Bottomline, I agree with your comments. Blogs and magazine articles may encourage more folks to discover the great outdoors, but are not “spoiling” the experience for the rest of us. I love seeing more people outside exercising and enjoying the beauty of their public lands, it can be life changing. There is enough space for everyone. And for those who are concerned..just go the extra mile!

          • Well said, Barry, thank you for sharing those thoughts and your personal experience. As you have read in my comments, I categorically reject any suggestion (made by a very few readers of this blog) that public lands should only be enjoyed by people who “got there first” (a myth) or first discovered a place decades ago. Managing public lands for preservation and access is wise management. The attitude that some people don’t deserve to be there doesn’t serve anyone.

  12. Hi Mike,

    Good story. We meet some FS personnel on the way out last summer. They were, amongst other things, researching the possibility of a permit system. At least you’re an expert, but I’ve seen way too many not so experienced hikers now blogging about Titcomb and the Cirque. Don Henley’s famous truism “call some place paradise, kiss it goodbye” has found a new home in the Winds.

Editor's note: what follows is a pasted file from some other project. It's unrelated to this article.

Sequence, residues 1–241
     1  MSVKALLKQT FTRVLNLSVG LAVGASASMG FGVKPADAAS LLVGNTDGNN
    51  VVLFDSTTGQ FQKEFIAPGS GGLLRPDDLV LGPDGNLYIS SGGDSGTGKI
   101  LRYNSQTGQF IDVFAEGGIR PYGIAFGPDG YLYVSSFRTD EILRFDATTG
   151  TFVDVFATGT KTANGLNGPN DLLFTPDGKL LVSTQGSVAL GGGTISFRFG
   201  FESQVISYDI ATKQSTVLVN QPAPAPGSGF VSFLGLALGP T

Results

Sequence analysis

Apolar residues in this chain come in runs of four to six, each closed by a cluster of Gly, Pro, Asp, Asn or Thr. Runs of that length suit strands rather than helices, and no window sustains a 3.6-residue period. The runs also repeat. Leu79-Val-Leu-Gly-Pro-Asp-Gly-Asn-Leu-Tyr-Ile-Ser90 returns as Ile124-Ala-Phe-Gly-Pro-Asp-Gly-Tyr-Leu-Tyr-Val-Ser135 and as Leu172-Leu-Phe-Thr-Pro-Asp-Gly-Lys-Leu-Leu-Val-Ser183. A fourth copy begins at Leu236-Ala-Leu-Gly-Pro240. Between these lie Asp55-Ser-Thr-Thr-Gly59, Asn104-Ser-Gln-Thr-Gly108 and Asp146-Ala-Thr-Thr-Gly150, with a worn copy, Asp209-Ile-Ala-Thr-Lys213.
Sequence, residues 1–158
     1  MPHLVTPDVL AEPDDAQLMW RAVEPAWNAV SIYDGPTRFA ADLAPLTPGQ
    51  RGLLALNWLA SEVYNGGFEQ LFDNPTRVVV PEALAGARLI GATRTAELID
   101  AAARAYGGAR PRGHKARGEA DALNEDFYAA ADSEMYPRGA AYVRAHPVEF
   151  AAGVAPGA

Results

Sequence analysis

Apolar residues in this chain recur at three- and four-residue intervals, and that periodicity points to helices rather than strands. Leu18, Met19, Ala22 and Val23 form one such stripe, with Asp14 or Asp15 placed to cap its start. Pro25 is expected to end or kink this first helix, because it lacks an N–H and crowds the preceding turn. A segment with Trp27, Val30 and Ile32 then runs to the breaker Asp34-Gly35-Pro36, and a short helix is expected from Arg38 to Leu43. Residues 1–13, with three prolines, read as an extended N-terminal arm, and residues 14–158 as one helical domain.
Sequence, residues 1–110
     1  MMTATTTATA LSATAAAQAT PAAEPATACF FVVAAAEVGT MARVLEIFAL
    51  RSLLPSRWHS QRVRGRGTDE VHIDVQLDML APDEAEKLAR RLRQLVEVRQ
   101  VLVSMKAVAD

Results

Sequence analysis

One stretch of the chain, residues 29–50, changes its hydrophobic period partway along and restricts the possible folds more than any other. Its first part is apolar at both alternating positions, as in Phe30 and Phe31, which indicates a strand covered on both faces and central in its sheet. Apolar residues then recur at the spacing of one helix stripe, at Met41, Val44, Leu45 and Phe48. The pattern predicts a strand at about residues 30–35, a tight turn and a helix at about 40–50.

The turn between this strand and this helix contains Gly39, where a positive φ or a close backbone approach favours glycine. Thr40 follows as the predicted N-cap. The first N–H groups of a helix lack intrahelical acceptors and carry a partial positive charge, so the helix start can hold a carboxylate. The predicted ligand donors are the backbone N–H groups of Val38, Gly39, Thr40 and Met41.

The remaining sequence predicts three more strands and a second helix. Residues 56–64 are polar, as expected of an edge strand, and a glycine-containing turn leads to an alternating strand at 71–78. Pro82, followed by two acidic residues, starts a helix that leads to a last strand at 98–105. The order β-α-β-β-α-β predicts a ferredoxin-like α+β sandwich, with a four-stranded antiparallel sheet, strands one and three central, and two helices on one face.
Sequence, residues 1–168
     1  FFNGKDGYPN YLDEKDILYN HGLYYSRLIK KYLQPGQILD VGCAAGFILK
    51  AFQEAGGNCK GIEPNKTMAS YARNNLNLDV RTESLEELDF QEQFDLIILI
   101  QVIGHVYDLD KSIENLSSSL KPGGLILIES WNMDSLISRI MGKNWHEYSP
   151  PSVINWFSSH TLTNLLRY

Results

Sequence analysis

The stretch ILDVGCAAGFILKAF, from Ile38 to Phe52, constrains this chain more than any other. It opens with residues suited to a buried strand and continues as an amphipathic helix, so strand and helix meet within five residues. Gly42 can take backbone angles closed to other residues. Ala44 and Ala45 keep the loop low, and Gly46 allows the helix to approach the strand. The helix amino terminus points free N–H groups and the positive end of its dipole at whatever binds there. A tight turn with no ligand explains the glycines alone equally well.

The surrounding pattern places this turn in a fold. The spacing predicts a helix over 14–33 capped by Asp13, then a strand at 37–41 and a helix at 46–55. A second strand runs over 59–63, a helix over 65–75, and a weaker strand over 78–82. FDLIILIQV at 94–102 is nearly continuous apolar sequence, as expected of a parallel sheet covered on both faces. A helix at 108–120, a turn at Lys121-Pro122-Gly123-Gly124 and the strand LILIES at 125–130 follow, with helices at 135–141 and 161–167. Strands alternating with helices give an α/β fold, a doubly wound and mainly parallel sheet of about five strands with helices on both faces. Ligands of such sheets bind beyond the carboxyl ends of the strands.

On a brighter note, when will you be there? I’m planning on being in the area for most of July/August. Maybe some time in the Bighorns but mostly in the Northern Winds.

    Hope we cross paths this summer.


    • Hey Peter,

      Thanks and good to hear from you. Yes, I know we see more and more people in the backcountry. People are increasingly mobile and willing to get to places like the Winds. I still get reminded all the time that the number of people we see in the backcountry is primarily affected by not just how well known a place is, but how hard it is to reach any spot within it and whether you go during the very peak time when everyone goes. And we were all those inexperienced people walking into the mountains at one time.

      I’ll email you about my plans. It would be fun to connect.